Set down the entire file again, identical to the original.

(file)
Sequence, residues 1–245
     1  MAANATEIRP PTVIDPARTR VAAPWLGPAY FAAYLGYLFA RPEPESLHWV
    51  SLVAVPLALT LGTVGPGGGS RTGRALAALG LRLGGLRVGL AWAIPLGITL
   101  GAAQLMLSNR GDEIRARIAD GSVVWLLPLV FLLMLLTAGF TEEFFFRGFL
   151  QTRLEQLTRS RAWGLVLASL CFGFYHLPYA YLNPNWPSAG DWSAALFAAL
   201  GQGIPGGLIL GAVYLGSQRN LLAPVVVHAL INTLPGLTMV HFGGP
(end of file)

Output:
Sequence, residues 1–245
     1  MAANATEIRP PTVIDPARTR VAAPWLGPAY FAAYLGYLFA RPEPESLHWV
    51  SLVAVPLALT LGTVGPGGGS RTGRALAALG LRLGGLRVGL AWAIPLGITL
   101  GAAQLMLSNR GDEIRARIAD GSVVWLLPLV FLLMLLTAGF TEEFFFRGFL
   151  QTRLEQLTRS RAWGLVLASL CFGFYHLPYA YLNPNWPSAG DWSAALFAAL
   201  GQGIPGGLIL GAVYLGSQRN LLAPVVVHAL INTLPGLTMV HFGGP